Since she was a little girl, Ashley Caldwell has been in constant motion: jumping out of her crib, tumbling off the couch, leaping down stairs, flipping on a trampoline.

So it seems fitting that now, at 24, Caldwell is the reigning women's world champion in aerials skiing — a sport in which she somersaults and spins through the air, some 60 feet off the ground.

Erin Hamlin was shut out from the podium in the women's singles luge at the Pyeongchang Winter Olympics on Tuesday, as Germany went 1-2 and Canada took the bronze.

Hamlin, who in 2014 became the first American to win an Olympic medal in singles luge (winning bronze) finished with a combined time that was 0.680 behind the winner, Natalie Geisenberger, over four runs down the track at Alpensia's Olympic Sliding Center in South Korea.

It's the second consecutive gold for Geisenberger, who also won in Sochi. Her cumulative time was 3:05.232.

Chloe Kim blew away the field and the crowd at the Pyeongchang Games in South Korea, winning the gold medal in the women's snowboard halfpipe. The win ticks another box in the career of Kim, who at 17 is already regarded as one of the best snowboarders in U.S. history.

Kim won with a score of 98.25, in a competition that never saw her trail another snowboarder. Her fellow American Arielle Gold won bronze, and Kelly Clark narrowly missed the podium after sitting in third place for two runs.

Big air. Big victories. Big emotion: They're all par for the course at any Olympics.

Big winds, on the other hand, are a big problem.

Over the past few days Pyeongchang, home of the 2018 Winter Games, has seen wind gusts up to 45 mph — more than enough to wreak havoc with winter sports that remain on the ground, let alone those where athletes fling themselves into the air.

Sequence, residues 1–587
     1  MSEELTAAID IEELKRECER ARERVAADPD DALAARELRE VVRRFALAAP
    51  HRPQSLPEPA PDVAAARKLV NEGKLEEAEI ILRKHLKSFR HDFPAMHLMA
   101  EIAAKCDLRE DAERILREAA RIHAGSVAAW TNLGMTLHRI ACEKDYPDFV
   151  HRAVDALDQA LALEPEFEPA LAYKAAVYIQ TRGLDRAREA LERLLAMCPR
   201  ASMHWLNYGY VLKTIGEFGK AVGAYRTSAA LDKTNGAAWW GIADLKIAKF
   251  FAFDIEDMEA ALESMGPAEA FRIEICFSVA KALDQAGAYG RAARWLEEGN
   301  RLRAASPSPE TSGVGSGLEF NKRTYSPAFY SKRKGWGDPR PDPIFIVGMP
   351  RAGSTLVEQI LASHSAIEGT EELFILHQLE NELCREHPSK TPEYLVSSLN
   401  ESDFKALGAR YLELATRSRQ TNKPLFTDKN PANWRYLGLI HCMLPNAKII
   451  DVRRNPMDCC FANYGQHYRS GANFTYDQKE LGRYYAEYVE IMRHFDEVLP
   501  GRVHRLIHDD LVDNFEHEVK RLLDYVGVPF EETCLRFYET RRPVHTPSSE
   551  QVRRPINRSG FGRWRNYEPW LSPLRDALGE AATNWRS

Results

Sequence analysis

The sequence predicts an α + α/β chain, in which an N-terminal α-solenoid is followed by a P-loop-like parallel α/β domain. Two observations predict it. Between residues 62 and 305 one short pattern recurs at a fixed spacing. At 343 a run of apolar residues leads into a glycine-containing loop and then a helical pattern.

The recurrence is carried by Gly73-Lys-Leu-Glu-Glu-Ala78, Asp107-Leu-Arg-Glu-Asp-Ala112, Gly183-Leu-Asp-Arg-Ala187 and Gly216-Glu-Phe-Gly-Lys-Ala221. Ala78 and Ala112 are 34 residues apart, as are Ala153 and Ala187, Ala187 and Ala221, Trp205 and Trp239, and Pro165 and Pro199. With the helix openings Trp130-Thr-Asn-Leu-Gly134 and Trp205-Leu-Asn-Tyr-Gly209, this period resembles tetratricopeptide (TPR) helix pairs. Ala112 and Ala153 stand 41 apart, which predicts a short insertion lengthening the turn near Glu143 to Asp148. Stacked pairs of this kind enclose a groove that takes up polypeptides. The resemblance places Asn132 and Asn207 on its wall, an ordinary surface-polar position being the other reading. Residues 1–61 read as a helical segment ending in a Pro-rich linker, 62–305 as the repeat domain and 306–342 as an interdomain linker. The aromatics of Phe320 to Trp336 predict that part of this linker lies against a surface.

The high winds prompted the postponement of the women's giant slalom race, a major downhill event.

Remember this name: Maame Biney.

The short track speedskater just turned 18; she's not even out of high school. But she is already one of the biggest U.S. names at the Winter Olympics.

U.S. figure skaters won the bronze medal in the team event on Monday, in an action-packed tournament that saw Mirai Nagasu land a historic jump – and in which Adam Rippon and other Americans showed they're in fine form at the Pyeongchang Winter Olympics.

"This is literally a dream come true for all of us," Nagasu said, in comments transcribed by the Olympics news service. "I think I speak on behalf of the team. We're super excited and we're at a loss for words. I'm really proud of my team."

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RACHEL MARTIN, HOST:

Carlos Cordeiro is the new president of the U.S. Soccer Federation, succeeding his boss, Sunil Gulati, in a final vote over the weekend that concluded a contentious race.

U.S. snowboarder Jamie Anderson won the women's snowboard slopestyle competition at the Winter Olympics in South Korea on Monday, successfully defending the gold medal she won at the Sochi Olympics in 2014.

Anderson won after high winds delayed the competition at Phoenix Snow Park — and the conditions almost wrecked her medal-winning performance.